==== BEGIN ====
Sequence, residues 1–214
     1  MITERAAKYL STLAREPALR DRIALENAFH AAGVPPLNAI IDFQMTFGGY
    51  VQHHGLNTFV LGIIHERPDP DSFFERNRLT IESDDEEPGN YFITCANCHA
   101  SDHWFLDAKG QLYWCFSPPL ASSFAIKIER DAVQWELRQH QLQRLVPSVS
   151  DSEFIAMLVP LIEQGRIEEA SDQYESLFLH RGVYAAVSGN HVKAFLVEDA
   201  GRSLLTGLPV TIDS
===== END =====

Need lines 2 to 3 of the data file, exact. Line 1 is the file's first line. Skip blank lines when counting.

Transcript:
     1  MITERAAKYL STLAREPALR DRIALENAFH AAGVPPLNAI IDFQMTFGGY
    51  VQHHGLNTFV LGIIHERPDP DSFFERNRLT IESDDEEPGN YFITCANCHA